URL : Sharing health research data – the role of funders in improving the impact


Nanopublications: A Growing Resource of Provenance-Centric Scientific Linked Data

Authors : Tobias Kuhn, Albert Meroño-Peñuela, Alexander Malic, Jorrit H. Poelen, Allen H. Hurlbert, Emilio Centeno Ortiz, Laura I. Furlong, Núria Queralt-Rosinach, Christine Chichester, Juan M. Banda, Egon Willighagen, Friederike Ehrhart, Chris Evelo, Tareq B. Malas, Michel Dumontier

Nanopublications are a Linked Data format for scholarly data publishing that has received considerable uptake in the last few years. In contrast to the common Linked Data publishing practice, nanopublications work at the granular level of atomic information snippets and provide a consistent container format to attach provenance and metadata at this atomic level.

While the nanopublications format is domain-independent, the datasets that have become available in this format are mostly from Life Science domains, including data about diseases, genes, proteins, drugs, biological pathways, and biotic interactions.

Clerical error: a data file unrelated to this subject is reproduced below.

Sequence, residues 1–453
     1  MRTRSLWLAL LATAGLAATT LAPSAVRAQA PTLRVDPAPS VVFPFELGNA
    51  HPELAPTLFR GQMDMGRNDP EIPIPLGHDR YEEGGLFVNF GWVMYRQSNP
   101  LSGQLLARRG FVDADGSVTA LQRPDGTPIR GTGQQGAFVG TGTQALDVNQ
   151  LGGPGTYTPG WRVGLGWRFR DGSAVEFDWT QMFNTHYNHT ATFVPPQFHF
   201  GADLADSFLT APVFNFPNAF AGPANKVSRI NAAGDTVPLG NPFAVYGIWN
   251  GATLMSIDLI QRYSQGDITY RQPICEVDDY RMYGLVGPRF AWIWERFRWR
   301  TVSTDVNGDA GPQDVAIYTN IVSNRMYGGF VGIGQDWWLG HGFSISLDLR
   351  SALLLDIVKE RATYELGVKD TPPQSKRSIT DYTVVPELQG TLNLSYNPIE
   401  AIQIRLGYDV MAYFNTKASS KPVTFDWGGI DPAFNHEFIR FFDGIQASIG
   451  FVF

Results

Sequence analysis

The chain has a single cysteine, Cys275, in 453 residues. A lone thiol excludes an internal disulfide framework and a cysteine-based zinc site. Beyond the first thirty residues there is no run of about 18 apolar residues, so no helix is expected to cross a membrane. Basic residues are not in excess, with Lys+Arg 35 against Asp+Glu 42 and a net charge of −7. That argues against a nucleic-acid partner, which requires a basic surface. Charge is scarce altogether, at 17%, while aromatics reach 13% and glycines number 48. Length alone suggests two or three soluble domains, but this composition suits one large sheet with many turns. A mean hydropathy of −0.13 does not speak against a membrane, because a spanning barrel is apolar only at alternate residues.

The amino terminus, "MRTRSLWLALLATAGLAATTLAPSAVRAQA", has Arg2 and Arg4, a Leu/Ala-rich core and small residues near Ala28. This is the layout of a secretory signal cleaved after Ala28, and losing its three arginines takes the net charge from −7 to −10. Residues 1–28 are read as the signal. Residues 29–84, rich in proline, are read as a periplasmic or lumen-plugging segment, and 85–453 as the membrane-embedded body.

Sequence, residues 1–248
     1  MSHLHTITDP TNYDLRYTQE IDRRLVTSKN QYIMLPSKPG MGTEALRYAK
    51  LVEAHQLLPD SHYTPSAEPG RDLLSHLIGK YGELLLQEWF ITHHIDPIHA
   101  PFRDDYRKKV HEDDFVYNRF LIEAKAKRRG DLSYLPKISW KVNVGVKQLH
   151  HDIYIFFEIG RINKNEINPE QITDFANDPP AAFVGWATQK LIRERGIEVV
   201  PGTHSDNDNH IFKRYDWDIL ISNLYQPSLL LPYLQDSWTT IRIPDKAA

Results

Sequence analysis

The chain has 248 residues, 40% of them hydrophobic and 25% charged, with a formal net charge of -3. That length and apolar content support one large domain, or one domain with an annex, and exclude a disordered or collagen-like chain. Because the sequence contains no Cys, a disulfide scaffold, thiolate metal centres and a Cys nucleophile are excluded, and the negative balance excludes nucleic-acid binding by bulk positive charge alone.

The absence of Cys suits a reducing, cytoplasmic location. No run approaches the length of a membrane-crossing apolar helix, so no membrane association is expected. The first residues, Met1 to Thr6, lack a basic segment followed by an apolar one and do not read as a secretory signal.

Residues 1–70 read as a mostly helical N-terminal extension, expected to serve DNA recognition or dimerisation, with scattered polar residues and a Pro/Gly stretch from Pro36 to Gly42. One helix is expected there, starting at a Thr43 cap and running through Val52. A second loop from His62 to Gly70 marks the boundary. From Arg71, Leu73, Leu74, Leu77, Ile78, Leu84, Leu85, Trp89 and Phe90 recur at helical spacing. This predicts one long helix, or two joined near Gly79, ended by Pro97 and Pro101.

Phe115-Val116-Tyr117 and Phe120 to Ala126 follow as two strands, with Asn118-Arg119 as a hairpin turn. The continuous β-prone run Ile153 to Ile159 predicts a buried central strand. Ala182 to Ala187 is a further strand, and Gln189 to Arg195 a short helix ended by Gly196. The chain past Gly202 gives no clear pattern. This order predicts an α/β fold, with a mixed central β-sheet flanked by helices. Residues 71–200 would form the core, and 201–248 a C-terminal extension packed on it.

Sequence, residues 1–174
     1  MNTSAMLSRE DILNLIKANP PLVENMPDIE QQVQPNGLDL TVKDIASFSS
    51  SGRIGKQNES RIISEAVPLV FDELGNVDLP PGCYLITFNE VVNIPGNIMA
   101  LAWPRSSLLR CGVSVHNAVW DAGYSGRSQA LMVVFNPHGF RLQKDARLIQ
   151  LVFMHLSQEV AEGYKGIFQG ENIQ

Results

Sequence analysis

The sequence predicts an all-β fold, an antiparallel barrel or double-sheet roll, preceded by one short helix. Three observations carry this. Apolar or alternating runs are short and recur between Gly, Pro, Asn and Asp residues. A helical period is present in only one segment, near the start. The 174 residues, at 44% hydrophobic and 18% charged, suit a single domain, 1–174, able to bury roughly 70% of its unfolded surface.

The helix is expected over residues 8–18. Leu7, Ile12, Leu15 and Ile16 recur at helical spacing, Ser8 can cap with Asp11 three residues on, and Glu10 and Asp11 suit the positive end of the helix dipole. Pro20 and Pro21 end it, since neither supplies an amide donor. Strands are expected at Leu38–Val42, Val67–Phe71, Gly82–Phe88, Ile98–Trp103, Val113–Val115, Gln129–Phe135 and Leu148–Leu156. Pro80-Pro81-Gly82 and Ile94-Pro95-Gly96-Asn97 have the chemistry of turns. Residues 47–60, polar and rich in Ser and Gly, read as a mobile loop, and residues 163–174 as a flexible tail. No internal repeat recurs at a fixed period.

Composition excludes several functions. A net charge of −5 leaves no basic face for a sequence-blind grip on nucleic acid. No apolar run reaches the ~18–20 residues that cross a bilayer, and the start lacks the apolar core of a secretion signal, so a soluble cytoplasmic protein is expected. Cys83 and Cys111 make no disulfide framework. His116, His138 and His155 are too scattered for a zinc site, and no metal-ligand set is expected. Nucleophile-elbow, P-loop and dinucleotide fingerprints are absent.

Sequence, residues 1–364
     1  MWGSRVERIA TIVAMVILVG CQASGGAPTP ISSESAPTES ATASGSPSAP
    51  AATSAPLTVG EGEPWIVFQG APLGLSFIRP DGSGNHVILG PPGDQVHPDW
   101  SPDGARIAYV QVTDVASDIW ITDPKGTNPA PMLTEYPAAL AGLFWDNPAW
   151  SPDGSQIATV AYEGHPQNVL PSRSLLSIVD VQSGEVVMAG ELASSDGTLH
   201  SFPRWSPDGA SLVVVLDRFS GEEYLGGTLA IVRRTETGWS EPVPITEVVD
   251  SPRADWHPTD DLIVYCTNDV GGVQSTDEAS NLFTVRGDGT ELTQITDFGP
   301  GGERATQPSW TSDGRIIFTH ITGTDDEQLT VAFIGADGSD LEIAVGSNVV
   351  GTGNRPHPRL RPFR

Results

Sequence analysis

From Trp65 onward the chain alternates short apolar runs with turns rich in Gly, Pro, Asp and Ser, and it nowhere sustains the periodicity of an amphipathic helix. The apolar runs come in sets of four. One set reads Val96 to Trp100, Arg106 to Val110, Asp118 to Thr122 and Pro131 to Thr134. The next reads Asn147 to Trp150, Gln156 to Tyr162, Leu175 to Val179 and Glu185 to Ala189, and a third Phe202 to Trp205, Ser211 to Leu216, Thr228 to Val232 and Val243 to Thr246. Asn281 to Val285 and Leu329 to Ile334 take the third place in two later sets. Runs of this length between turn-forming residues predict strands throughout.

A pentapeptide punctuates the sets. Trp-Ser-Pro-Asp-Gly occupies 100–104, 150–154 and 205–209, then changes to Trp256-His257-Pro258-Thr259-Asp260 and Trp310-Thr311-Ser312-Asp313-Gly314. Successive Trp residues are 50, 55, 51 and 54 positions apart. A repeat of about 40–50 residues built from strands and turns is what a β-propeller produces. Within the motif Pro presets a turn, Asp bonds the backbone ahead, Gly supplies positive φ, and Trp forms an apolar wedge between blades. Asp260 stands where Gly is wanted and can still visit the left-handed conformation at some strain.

More than 10 million such nanopublications have been published, which now form a valuable resource for studies on the domain level of the given Life Science domains as well as on the more technical levels of provenance modeling and heterogeneous Linked Data.

We provide here an overview of this combined nanopublication dataset, show the results of some overarching analyses, and describe how it can be accessed and queried.


Towards a culture of open science and data sharing in health and medical research

Author : Anisa Rowhani-Farid

This thesis investigated the factors that contribute to the cultural shift towards open science and data sharing in health and medical research, with a focus on the role health and medical journals play.

The findings of this research demonstrate that journal data sharing policies are not effective and that journals do not currently provide incentives for sharing.

This study contributed to the movement towards more reproducible research by providing empirical evidence for the strengthening of journal data sharing policies and the adoption of an incentive for open research.